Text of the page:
25/09/2015

Ready for School

by Barbara Isaacs, Chief Education Officer

What do our children need in order to be prepared for Reception? Policy-makers would benefit from heeding the words of the pioneers of early education, says Barbara Isaacsà ¢Ã¢ €š ¬ ¦

I have been working in Early Years for long enough to remember the introduction of funding for nursery age children in 1995. At the time, one of the main arguments in support of the funding was US research demonstrating the long-term benefits of early education, particularly for disadvantaged children. Another came from observations made by infant school teachers, that children who experienced some kind of nursery provision settled more easily into the school life when joining Reception. In the last 20 years we have learned more about the benefits of pre-school education, not only from the influential EPPI research but also from many small-scale studies undertaken by academics and practitioners. We have also had opportunities to learn from other models of early childhood education in New Zealand, Reggio Emilia and Denmark, to name just a few.

Changing regulation  

There has been a gradual evolution of early years regulation in this time, too. It started relatively slowlynew frameworks were introduced in 1998 and 2000. The introduction of the EYFS in 2008 heralded the united approach to care and education and the 2012 and 2014 revisions ensured that anyone working with under-fives is obliged to comply with the EYFS principles and work towards helping children achieve the early learning goals. For the past  decade the effectiveness of the EYFS has been measured by the EYFS Profile, gathered annually from all children at the end of the Reception year.

The 2012 edition of the EYFS also introduced the idea of school readiness. While learning through play remains at the heart of the EYFS, and exploration and involvement are identified as making a significant contribution towards the childrens critical and creative thinking, the role of the early years teachers/practitioners is emphasised through a focus on adult-led activities.

To conclude this journey down memory lane, I find that while in 1995 the nursery experience was promoted as enhancing the childs readiness for school in and of itself, 20 years on and with billions of pounds spent on early years education, it is now our duty to prepare young children for school. What has changed? Where is the voice of the child? What about the view that childhood should be valued as a unique and important element of human development? What about the joys of playing and learning outside and inside while being supported by sensitive, well-informed and educated adults? The questions are just tumbling in. I am very aware that children are mentioned less and less in the public arena as we are frequently reminded of the needs of parents and our economy. Yet the same children will be the drivers of the economy in 20 yearsshould their childhood not be given the consideration it deserves?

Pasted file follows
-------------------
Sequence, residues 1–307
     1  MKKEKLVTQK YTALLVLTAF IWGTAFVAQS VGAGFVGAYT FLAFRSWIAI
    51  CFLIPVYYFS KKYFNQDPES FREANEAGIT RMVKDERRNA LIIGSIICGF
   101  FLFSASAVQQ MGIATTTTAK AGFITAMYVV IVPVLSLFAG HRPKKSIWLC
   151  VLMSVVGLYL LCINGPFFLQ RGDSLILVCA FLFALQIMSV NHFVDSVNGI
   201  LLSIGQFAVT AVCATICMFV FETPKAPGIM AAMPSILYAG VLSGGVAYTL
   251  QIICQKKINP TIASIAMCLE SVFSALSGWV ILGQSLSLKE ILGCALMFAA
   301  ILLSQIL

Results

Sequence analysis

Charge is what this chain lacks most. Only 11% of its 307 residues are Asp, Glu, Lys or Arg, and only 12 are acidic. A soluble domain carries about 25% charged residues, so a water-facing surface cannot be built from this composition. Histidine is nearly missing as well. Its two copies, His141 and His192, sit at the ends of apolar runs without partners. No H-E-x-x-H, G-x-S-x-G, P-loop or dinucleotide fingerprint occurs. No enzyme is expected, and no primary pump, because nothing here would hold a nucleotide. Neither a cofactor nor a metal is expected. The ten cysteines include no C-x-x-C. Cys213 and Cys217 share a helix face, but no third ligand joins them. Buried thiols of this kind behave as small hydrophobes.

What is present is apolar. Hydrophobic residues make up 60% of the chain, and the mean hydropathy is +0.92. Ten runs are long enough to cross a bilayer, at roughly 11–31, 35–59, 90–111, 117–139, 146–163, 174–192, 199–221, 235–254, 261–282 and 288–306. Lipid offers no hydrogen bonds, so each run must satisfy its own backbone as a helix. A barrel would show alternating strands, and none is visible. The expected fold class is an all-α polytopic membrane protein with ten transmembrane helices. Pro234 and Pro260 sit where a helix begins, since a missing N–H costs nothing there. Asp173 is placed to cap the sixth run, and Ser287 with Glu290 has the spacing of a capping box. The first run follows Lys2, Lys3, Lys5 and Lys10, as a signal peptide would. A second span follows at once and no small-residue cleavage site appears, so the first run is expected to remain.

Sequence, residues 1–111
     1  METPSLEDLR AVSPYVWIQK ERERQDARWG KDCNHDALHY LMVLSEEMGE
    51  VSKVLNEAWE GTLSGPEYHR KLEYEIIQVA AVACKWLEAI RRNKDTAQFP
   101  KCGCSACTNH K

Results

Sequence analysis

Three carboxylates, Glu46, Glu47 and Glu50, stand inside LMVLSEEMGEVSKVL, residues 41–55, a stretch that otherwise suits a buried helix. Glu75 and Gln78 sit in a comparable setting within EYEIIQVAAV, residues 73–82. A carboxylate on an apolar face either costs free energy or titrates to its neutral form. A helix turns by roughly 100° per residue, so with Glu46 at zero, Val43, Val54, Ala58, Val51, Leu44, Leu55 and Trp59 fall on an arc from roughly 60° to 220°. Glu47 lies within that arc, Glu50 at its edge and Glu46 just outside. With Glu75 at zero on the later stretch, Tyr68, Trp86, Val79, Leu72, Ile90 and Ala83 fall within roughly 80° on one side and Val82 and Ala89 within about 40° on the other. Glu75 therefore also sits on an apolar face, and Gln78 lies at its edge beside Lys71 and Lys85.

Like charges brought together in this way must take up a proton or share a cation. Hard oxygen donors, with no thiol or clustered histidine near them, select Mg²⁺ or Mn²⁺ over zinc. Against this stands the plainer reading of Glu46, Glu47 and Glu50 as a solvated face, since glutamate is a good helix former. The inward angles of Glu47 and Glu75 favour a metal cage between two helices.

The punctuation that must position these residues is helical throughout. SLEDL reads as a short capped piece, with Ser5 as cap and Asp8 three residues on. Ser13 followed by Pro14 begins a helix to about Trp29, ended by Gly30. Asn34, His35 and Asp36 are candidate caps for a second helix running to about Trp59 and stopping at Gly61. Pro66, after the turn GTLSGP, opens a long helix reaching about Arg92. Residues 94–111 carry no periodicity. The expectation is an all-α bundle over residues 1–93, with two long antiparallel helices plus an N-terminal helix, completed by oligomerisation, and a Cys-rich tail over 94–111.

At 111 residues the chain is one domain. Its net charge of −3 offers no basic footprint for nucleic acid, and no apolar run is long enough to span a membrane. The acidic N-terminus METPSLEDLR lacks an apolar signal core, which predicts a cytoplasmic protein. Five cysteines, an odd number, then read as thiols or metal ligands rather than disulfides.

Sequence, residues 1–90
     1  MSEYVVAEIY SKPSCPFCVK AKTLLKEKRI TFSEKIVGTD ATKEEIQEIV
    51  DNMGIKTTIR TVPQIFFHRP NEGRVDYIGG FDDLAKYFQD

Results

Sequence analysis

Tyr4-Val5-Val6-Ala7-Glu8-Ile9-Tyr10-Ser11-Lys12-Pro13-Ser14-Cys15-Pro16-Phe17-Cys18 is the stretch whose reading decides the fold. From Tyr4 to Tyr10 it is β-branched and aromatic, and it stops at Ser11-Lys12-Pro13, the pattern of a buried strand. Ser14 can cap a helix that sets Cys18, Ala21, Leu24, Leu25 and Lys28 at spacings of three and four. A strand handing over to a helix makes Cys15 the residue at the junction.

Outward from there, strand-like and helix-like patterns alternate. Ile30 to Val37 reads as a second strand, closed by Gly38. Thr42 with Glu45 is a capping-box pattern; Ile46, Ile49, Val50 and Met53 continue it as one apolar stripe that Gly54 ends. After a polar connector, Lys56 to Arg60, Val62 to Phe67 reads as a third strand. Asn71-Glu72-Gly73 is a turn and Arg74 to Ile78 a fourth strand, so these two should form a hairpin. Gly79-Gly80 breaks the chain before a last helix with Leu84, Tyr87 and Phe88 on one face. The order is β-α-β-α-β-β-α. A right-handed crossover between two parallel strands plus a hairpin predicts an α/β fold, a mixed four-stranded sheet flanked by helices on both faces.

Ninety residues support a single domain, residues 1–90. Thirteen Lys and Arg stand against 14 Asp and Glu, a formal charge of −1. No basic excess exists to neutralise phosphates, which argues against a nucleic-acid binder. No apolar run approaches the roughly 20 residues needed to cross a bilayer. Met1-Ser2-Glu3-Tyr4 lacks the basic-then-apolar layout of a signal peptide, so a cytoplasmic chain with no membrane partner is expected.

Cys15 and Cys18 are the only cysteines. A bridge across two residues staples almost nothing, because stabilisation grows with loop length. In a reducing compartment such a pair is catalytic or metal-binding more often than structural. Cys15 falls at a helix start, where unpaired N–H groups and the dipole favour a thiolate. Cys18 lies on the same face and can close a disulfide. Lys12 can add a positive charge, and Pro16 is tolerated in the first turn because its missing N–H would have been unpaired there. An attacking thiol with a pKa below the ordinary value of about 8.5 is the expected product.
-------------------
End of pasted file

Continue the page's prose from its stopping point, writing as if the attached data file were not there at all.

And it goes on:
What is school readiness?

I wonder about the meaning of school readiness. Could it mean sitting still and following the instructions of the teachers? I feel compelled to return to Montessoris own writing. She, along with the likes of Rousseau, Pestalozzi, Froebel and Steiner, recognised the unique nature of young children, and urged us to help them to follow their natural paths of development, in which physical, mental and emotional energies work towards the spontaneous unfolding of the human spirit. I am quite sure that, for Montessori, school ready would have meant an independent, competent child with good social and communication skills, respectful of others and the environment. A child who at the age of six (not four) is capable of deep-level engagement on a chosen or set task, and who has the self-discipline to work within the parameters of socially acceptable behaviour appropriate to the culture in which she is growing up.

Instead, its most likely that, from September 2015, children entering Reception class, some of whom will have only just turned four, will be tested in a range of base-line skills, which will be linked with their later performance in school. We are only a step away from preparing our three year-olds for these tests before they leave nursery.   This is a very dangerous road to travel and we should look back at the pioneers of early years education and revisit their values and principles before we agree to compromise childhood.

Find out more

MCI offers Diploma in Montessori pedagogyBirth to seven (Early Years Educator) qualifications.